Limit Order: When Price Matters Most

Let’s talk limit orders. It’s one of the more common order types used to buy/sell stocks.

A limit order lets you specify the price you want to buy/sell a stock at.

When selling, you set a limit to sell your shares at a specific price or higher.

When buying, you set a limit to sell your shares at a specific price or lower.

Where a market order guarantees your order will be filled, but not the price it gets filled at, a limit order is the opposite. It’ll give you control over the price you buy/sell a stock at but there ain’t no guarantee your order will be executed.

Example of How Limit Orders Work

After doing your research, you’re interested in buying shares of a hot new healthcare company, Stomach Health Technologies (ticker symbol SHT).

The stock price is currently floating around $25 a share which you think is kinda high. But you think if it drops to $20, that would be a good price to jump into some SHT. So you put a buy limit order in for $20.

In this case, you will only end up buying shares of SHT if the stock drops to a price of $20 or less. However, if SHT share prices keep rising and don’t drop down to $20 a share, your order will never be filled.

Now let’s say you buy some SHT and then decide you’d like to unload it if the stock hits $35. In this case, you’d put in a sell limit order in for $35. This limit order will only be executed if SHT rises to $35 a share or higher.

Why You’d Use a Limit Order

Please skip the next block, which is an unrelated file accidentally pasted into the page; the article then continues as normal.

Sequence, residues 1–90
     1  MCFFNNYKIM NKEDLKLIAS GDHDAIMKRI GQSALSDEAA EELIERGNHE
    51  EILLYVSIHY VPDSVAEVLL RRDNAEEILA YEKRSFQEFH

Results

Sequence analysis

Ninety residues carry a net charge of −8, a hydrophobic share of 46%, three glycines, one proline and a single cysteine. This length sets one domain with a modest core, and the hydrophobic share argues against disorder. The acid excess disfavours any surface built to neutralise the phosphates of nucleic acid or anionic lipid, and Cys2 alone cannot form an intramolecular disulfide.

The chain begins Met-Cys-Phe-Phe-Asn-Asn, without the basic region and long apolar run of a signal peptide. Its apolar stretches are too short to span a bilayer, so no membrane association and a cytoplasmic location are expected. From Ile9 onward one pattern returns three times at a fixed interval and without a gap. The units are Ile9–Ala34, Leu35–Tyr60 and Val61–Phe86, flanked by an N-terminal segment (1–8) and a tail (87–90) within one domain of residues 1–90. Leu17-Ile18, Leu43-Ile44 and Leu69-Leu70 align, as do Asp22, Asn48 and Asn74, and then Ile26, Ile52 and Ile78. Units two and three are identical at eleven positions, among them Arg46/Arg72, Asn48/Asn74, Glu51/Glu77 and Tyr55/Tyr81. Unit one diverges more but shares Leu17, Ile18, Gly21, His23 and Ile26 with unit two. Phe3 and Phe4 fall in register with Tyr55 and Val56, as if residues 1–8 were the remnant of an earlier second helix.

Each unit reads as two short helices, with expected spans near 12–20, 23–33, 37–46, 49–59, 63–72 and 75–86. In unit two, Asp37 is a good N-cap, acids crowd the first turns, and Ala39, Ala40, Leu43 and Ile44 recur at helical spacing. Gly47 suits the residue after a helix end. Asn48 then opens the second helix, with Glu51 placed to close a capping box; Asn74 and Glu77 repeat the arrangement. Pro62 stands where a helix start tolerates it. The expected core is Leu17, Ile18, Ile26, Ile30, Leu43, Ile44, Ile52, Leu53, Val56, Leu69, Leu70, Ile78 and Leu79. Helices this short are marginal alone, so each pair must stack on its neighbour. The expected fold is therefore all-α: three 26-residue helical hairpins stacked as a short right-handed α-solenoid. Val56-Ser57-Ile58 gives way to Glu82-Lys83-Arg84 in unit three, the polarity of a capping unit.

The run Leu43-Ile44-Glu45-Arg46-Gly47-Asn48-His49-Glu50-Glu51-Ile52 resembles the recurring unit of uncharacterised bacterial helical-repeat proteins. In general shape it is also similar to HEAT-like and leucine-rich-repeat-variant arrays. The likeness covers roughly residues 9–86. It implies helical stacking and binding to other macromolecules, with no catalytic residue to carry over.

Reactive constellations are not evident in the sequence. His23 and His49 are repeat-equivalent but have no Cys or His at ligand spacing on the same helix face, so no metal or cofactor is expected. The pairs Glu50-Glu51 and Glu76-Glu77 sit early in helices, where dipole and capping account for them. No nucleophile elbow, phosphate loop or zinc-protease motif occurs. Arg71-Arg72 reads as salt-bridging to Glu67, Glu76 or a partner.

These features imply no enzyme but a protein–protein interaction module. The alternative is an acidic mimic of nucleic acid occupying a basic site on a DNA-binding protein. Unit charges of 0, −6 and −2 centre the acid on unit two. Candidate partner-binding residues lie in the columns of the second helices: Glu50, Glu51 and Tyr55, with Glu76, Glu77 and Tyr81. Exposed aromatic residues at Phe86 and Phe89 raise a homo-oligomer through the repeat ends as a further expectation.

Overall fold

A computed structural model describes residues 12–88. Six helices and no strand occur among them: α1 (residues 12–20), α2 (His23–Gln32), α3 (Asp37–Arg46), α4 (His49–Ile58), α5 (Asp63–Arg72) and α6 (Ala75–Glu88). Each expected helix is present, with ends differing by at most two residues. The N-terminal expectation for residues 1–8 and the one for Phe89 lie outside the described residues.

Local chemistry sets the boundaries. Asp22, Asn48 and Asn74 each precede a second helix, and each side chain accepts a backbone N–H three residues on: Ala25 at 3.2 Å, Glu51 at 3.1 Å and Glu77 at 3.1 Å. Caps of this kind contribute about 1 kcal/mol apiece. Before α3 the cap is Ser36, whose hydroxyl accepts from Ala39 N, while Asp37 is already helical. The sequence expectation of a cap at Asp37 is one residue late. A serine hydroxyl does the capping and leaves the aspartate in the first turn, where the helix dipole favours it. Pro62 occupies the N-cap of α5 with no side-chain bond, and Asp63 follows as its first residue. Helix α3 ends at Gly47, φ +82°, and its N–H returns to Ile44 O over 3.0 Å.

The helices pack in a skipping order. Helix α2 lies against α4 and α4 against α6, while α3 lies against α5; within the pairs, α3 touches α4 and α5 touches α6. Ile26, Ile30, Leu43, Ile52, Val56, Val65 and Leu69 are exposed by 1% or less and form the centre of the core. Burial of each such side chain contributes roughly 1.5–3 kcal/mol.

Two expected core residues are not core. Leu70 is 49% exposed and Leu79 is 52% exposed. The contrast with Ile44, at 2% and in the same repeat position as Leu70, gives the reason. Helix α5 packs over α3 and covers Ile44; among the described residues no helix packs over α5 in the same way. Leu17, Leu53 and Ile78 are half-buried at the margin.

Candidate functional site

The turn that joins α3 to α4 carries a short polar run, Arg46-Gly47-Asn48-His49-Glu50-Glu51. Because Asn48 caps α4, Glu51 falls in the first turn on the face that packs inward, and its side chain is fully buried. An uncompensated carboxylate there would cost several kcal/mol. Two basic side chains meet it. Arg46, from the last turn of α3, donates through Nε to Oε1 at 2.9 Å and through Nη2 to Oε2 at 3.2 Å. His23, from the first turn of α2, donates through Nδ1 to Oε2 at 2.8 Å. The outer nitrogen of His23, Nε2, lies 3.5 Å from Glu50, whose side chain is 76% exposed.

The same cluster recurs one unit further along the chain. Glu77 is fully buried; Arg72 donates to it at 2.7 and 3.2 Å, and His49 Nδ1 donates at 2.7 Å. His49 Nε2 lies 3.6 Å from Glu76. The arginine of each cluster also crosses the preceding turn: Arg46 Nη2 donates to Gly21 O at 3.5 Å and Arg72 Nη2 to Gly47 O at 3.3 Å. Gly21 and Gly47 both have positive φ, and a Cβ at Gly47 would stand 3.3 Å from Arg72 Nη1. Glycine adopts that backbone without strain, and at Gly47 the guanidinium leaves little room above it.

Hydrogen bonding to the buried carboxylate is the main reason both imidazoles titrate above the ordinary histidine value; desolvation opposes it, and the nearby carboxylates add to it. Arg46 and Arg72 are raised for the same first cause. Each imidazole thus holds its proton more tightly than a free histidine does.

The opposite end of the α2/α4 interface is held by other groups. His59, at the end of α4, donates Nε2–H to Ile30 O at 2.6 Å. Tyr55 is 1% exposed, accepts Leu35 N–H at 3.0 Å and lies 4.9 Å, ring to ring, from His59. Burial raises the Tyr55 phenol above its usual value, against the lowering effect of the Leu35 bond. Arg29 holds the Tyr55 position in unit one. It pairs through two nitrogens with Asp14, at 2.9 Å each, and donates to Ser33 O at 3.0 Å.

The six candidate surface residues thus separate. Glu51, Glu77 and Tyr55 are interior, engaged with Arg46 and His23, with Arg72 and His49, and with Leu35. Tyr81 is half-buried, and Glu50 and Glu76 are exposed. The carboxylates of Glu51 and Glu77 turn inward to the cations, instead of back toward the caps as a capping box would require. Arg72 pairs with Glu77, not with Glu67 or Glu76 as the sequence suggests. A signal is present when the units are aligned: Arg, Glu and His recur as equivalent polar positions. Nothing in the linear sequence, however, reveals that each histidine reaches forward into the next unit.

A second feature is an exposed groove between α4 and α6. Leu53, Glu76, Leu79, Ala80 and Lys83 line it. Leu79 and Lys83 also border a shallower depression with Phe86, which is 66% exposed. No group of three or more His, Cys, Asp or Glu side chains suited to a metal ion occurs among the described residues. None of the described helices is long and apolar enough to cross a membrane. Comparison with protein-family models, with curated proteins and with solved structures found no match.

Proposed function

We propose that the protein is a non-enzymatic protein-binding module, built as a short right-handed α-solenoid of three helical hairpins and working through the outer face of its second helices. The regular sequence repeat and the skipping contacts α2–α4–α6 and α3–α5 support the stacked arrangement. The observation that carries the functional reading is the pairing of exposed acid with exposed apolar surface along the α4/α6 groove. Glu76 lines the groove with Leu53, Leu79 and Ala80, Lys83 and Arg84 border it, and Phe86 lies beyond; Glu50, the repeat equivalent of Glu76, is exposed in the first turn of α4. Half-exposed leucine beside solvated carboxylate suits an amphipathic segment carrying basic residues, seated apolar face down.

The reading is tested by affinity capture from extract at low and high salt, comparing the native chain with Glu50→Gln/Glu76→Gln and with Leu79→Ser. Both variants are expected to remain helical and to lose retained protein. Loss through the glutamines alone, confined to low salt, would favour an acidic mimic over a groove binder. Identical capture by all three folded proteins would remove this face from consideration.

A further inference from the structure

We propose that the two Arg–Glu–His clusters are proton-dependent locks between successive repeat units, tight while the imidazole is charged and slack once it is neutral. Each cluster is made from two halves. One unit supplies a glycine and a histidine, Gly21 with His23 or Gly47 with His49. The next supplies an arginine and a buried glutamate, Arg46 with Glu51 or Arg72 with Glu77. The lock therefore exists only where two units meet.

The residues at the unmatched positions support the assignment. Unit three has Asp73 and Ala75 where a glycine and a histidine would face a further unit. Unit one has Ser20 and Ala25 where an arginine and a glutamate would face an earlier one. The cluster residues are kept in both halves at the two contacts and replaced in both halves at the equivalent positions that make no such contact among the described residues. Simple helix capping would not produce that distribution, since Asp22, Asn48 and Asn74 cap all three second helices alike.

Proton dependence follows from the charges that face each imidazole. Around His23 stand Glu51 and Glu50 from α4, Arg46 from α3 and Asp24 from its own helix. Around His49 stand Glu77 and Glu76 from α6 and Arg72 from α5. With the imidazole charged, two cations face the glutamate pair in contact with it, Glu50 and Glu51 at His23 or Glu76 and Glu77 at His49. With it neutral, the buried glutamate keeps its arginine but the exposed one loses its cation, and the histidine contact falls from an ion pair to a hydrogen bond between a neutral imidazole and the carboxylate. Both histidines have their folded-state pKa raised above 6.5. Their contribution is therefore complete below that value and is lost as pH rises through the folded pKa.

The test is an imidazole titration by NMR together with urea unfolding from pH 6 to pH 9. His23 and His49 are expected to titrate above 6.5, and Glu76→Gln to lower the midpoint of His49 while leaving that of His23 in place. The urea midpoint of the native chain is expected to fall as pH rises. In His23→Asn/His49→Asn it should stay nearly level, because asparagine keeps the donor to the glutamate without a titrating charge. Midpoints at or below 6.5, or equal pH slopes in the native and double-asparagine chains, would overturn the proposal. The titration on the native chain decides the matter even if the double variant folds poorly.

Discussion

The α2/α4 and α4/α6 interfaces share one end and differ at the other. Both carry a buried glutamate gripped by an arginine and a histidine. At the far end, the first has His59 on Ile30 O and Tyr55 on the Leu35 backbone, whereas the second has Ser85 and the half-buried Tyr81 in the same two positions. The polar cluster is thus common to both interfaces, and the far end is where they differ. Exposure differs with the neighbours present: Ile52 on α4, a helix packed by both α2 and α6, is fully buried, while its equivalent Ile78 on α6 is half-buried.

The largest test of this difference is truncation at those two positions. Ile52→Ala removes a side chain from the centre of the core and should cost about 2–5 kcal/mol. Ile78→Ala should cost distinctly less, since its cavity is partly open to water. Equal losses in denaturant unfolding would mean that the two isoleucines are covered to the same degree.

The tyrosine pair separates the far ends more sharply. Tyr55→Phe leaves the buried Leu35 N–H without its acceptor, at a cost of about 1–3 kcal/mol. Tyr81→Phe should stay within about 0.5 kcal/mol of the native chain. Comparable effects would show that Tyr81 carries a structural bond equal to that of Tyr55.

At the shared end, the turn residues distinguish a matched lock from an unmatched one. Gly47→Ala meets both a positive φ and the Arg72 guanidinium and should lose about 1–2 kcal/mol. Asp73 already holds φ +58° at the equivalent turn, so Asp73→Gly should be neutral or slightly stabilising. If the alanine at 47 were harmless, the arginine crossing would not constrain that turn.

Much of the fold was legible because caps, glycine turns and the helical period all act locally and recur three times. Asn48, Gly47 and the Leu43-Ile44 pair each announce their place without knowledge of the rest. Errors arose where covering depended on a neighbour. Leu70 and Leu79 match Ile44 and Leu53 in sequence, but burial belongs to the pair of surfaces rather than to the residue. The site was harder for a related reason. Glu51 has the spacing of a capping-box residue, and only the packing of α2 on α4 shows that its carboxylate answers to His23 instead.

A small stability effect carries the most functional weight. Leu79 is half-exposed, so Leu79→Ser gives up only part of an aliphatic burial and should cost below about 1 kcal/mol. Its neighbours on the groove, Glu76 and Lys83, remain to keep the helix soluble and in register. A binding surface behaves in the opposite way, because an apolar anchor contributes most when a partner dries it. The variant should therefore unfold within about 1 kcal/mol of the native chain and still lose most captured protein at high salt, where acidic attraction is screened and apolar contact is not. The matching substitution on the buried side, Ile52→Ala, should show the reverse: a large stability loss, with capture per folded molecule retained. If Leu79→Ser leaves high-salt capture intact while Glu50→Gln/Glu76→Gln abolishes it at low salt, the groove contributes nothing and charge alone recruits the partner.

There are a few reasons to use a limit order when buying/selling stock.

First, it’s a good way to protect yourself from market volatility.

Also, if you’re trading a more lightly traded stock, using a limit order will prevent you from getting an unexpectedly bad price when you buy/sell. Remember, regular old market orders don’t guarantee a price so you could get screwed on your trade. That’s not the case with limit orders.

Limit orders are also great for lazy-ass people who don’t follow the stocks they invest in closely. If you’re a lazy-ass, first, kudos to you. Second, you can use limit orders to make sure your shares are sold automatically when a stock gets to a price you’re happy with. Or, you buy a stock at a price you’re happy with.

Downsides of Limit Orders

There are some downsides of limit orders to keep in mind.

First, placing a limit order may cost more than a market order depending on your brokerage. However, if you use a brokerage that has free trades, that won’t be an issue.

Also, you may not sell all the shares you want with a limit order. If you place a limit order to sell 100 shares of a stock at $45 a share, there may only be someone willing to buy 60 of those shares at $45. In that case, you’d sell those 60 shares but would still be sitting on 40 shares.

Another potential downside is that your order may never get executed. Plenty of people have missed out on buying a stock on a big upswing by using a limit order at a price the stock never dropped back to.

Day Limit Order

One important thing to know about any limit order you place is how long it’s good for.

If you place a day limit order, the order is only good for the remainder of the trading day. This may be good for the day trading crowd but not longer term investors.

However, you can make your limit order “Good Til Cancelled”. This will keep the order open until the price you set is reached and the order is filled (or you cancel your order). Depending on your brokerage firm, a Good Til Cancelled order may be automatically cancelled after 90 – 180 days.